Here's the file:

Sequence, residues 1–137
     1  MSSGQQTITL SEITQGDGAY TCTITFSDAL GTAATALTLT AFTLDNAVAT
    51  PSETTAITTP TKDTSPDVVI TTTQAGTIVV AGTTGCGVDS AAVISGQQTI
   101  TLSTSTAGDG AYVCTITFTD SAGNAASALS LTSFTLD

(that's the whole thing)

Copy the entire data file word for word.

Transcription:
Sequence, residues 1–137
     1  MSSGQQTITL SEITQGDGAY TCTITFSDAL GTAATALTLT AFTLDNAVAT
    51  PSETTAITTP TKDTSPDVVI TTTQAGTIVV AGTTGCGVDS AAVISGQQTI
   101  TLSTSTAGDG AYVCTITFTD SAGNAASALS LTSFTLD